Computing power

Computing speeds used to double every eighteen months; now, they double every year. All computation today is based on silicon, but in the future, we’ll have quantum computing and a Quantum Valley instead of the Silicon one. Surgeons today have internet in operating rooms in order to have access to MRI scans and medical records; soon enough there will be robot doctors able to use the internet to provide medical guidance. How much time do you spend on medical check-ups and tests? In the future, you’ll be able to use your wristwatch to consult a doctor practically for free. It’s the same with legal services: augmented reality and internet access will let you learn all about someone from just a glance.

Supercomputers will help us design supersonic planes that don’t produce a sonic boom. It took me 12 hours to get to St. Petersburg from New York. One day, that will only take two hours, in part thanks to the development of individual aerial transportation. We’ll have self-driving cars and flying personal vehicles. Perhaps we will no longer need personal vehicles and will just be able to call a car to any place we want.

Personalized everything

You’ll be able to put a device in your contact lenses that will measure your blood sugar levels by the hour. Pain in your chest? Look in the mirror, tell it how you feel and you’ll get medical advice. 3D printers can make all sorts of things exactly the way you need to. Whenever you go to a shoe store, they’ll measure your feet and print you a pair of shoes right then and there; same goes for jewelry, toys and everything else. We’ll even have smart walls so that you can change the wallpaper whenever you’d like. Flexible electronics are already a thing, and soon enough you’ll be able to literally roll up any of your devices.


If everyone can find out anything they want with a blink of an eye using a pair of specialized glasses or contact lenses, what’s going to happen to exams? Obsolete concepts aimed at memorization of information will be replaced by learning of principles and modes of thinking.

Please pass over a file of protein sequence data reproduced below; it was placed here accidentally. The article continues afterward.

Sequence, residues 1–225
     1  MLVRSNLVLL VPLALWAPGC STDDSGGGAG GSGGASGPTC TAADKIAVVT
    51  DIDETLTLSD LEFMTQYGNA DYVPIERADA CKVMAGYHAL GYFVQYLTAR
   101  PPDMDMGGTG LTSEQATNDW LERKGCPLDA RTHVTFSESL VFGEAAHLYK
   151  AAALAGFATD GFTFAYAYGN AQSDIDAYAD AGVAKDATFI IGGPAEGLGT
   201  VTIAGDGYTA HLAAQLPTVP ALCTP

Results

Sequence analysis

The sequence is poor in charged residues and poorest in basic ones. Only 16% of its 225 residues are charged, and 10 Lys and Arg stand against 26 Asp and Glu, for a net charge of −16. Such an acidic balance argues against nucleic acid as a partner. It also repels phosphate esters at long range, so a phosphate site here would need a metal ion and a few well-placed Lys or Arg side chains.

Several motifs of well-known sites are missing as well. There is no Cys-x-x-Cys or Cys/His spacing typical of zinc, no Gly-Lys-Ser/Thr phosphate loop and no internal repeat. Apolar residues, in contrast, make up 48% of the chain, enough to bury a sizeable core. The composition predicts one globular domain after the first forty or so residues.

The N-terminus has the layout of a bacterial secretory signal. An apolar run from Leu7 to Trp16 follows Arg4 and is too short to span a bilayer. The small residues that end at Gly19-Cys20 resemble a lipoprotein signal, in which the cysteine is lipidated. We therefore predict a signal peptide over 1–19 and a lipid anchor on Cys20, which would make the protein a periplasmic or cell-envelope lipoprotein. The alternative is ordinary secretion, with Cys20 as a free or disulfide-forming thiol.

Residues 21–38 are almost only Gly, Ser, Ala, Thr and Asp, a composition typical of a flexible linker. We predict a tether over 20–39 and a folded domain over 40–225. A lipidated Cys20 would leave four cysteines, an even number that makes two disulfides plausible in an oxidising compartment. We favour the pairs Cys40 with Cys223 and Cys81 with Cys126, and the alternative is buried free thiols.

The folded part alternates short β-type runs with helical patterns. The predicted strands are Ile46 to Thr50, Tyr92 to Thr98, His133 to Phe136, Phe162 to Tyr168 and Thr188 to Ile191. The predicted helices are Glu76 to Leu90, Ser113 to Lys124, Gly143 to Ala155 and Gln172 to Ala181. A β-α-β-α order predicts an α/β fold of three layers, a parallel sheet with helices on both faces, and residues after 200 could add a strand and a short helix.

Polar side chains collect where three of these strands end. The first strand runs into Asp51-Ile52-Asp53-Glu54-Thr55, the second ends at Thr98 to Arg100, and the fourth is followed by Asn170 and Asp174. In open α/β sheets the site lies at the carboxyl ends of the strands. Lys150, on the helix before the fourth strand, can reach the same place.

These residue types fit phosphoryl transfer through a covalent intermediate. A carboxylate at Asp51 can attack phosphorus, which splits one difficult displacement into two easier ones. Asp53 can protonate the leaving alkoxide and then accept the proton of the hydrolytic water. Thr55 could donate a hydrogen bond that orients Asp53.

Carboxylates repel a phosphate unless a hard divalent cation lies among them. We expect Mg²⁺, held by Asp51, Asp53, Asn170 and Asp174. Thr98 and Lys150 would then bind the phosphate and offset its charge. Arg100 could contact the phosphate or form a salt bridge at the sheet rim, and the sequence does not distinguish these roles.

Job market

Technological progress is bound to affect the job market. Professions that involve repetitive work will no longer be relevant, and so will the middlemen: accountants, cashiers, paralegals. Legal experts, however, will still be necessary, as they are the ones who present cases in court and talk to the judge. Professions that require spatial intelligence, logic and common sense will remain relevant, however. What is common sense? How do you know that the daughter is older than the mother, that water is wet or that if you tug on a string, it will budge? That’s common sense. Robots don’t have that. If you show a robot a table, it’ll see squares, circles, colors and textures, but it won’t know that it’s a table. Robots are bad with models and patterns. If your toilet is clogged, a robot can’t fix it just because all the toilets are different. Robots can’t replace gardeners because they lack a sense of aesthetic. We used to think that robots would replace garbage workers, but that won’t happen either, because robots can’t tell between garbage and useful objects.

Intellectual capital as basis for future economy

Robots can’t take over the jobs that require intellectual capital. That’s experience, logic, leadership skills, creativity, innovative thought, communication with others. Tony Blair used to say that the UK got more revenue from rock ‘n’ roll than from the coal industry. How so? Coal is a commodity, and commodity prices change, while intellectual capital is always valued. It’s extremely difficult to model the human brain. Intellectual capital is the foundation of future economy. People come and ask me how to become a billionaire. First off, come to any industry. Secondly, eliminate the middlemen. In trade, for instance, that’s retail. Third, identify the sources of waste and eliminate them. Fourth, digitize everything. And there you have it: perfect capitalism. This is what Amazon is trying to do right now. Who’s going to win from this? First and foremost, the society. Prices will go down. Today, with the law of supply and demand, you can’t ever tell if you’re being asked for too much money. In the new economy, you’ll be able to observe the production process in its entirety.

Medical technology

Even today, we have devices small enough that they can be put inside a pill. When you ingest it, the shell dissolves and releases a mini-camera into your intestine. Using a magnet, doctors can move it around your body and take images. Nanorobots like these can be used to perform surgery from inside the organs. There are devices that attach to cancer cells and destroy them: this technology has already been used to cure a few patients. Cancer is like that: perhaps you only have a few cells of it, and they will grow into a tumor in ten years. Today, scientists are developing technology to help us find a single cancer cell among a billion of healthy ones. In the future, you may go to the bathroom and special sensors will use your biological waste to monitor for cancer cells. Perhaps the word “tumor” will become no longer relevant. We’ll be able to grow new organs, and even today we already have technology that lets us grow ears, bladders and tracheae. None of them will be rejected since they’re grown from your very own cells.